which buffers the datastream, reformats it, and sends it to the“Arroyo Server,” which consists, in relevant part, of two data buffers and a number of high-capacity hard disks. The entire streamof data moves to the first buffer (the“primary ingest buffer”), at which point theserver automatically inquires as to whether any customers want to record any of that programming. If a customer has requested a particular program, the data for that programmove from the primary buffer into asecondary buffer, and then onto a portion of one of the hard disks allocated to thatcustomer. As new data flow into the primary buffer, they overwrite a correspondingquantity of data already on the buffer. The primary ingest buffer holds no more than 0.1seconds of each channel's programming atany moment. Thus, every tenth of a second,the data residing on this buffer areautomatically erased and replaced. The *125data buffer in the BMR holds no more than1.2 seconds of programming at any time.While buffering occurs at other points in theoperation of the RS-DVR, only the BMR  buffer and the primary ingest buffer areutilized absent any request from anindividual subscriber.As the district court observed, “the RS-DVR is not a single piece of equipment,” but rather “a complex system requiringnumerous computers, processes, networks of cables, and facilities staffed by personneltwenty-four hours a day and seven days aweek.”
To the customer,however, the processes of recording and2
 playback on the RS-DVR are similar to thatof a standard set-top DVR. Using a remotecontrol, the customer can record programming by selecting a program inadvance from an on-screen guide, or by pressing the record button while viewing agiven program. A customer cannot,however, record the earlier portion of a program once it has begun. To begin playback, the customer selects the showfrom an on-screen list of previouslyrecorded programs.
The principal difference in operation is that,instead of sending signals from the remoteto an on-set box, the viewer sends signalsfrom the remote, through the cable, to theArroyo Server at Cablevision's centralfacility.
In this respect, RS-DVR more closely resembles a VOD service,whereby a cable subscriber uses his remoteand cable box to request transmission of content, such as a movie, stored oncomputers at the cable company's facility.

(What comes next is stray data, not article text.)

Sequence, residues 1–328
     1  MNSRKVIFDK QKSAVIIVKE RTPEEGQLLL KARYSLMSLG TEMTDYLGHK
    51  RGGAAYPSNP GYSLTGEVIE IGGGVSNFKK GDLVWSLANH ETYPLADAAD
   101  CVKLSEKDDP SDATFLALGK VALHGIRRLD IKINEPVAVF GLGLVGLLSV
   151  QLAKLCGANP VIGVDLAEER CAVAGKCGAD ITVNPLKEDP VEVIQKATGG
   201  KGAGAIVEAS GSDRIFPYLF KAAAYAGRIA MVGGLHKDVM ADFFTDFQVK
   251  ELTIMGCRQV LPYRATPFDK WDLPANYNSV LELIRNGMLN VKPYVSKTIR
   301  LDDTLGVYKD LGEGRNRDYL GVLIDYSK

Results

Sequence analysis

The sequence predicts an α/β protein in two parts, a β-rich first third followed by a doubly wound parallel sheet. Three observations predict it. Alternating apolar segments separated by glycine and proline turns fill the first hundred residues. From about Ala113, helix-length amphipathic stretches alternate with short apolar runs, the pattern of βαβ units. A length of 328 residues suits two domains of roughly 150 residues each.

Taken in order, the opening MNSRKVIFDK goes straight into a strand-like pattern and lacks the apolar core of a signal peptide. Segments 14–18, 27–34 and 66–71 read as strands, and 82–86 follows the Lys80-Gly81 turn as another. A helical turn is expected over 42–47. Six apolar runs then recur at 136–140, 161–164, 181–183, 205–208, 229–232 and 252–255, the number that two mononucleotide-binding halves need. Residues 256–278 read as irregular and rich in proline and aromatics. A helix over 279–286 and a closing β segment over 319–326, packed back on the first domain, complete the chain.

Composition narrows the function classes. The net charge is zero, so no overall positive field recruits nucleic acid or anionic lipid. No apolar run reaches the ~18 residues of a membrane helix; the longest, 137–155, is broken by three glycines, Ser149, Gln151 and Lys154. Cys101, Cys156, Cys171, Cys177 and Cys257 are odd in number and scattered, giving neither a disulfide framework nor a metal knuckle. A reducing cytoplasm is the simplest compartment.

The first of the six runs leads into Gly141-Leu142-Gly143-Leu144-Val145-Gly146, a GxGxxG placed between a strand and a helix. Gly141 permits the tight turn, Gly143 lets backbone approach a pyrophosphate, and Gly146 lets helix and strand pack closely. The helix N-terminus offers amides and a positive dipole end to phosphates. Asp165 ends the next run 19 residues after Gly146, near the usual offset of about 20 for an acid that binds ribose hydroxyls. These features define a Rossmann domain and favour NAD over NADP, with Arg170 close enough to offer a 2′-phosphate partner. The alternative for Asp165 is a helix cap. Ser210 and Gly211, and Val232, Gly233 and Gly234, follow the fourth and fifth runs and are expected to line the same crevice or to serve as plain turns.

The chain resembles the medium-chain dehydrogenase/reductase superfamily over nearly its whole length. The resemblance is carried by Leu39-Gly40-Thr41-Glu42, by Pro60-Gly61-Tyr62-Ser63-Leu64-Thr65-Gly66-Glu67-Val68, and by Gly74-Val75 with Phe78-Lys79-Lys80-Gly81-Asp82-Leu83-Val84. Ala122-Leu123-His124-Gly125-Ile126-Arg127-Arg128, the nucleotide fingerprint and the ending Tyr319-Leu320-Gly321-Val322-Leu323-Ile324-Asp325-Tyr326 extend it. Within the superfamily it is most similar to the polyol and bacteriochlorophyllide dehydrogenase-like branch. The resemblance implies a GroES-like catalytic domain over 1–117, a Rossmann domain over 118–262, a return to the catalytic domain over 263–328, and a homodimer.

But unlike a VOD service, RS-DVR users can only play content that they previously requested to be recorded.Cablevision has some control over thecontent available for recording: a customer can only record programs on the channelsoffered by Cablevision (assuming hesubscribes to them). Cablevision can alsomodify the system to limit the number of channels available and considered doing soduring development of the RS-DVR.
II. The District Court's Decision
In the district court, plaintiffssuccessfully argued that Cablevision's proposed system would directly infringetheir copyrights in three ways. First, by briefly storing data in the primary ingest buffer and other data buffers integral to thefunction of the RS-DVR, Cablevision wouldmake copies of protected works and therebydirectly infringe plaintiffs' exclusive right of reproduction under the Copyright Act.Second, by copying programs onto theArroyo Server hard disks (the “playback copies”), Cablevision would again directlyinfringe the reproduction right. And third, bytransmitting the data from the Arroyo Server hard disks to its RS-DVR customers inresponse to a “playback” request,Cablevision would directly infringe plaintiffs' exclusive right of public performance.
Agreeing withall three arguments, the district courtawarded summary declaratory judgment to plaintiffs and enjoined Cablevision fromoperating the RS-DVR system withoutobtaining licenses from the plaintiff copyright holders.As to the buffer data, the district courtrejected defendants' arguments 1) that thedata were not “fixed” and therefore were not“copies” as defined in the Copyright Act,and 2) that any buffer copying was deminimis because the buffers stored onlysmall amounts of data for very short periodsof time. In rejecting the latter argument, thedistrict court noted that the “aggregate effectof the buffering” was to reproduce theentirety of Cablevision's programming, andsuch copying “can hardly be called deminimis.”
*126 On the issue of whether creation of the playback copies made Cablevision liablefor direct infringement, the parties and thedistrict court agreed that the dispositivequestion was “
makes the copies”?
at 617.Emphasizing Cablevision's“unfettered discretion” over the contentavailable for recording, its ownership andmaintenance of the RS-DVR components,and its “continuing relationship” with itsRS-DVR customers, the district courtconcluded that “the copying of 3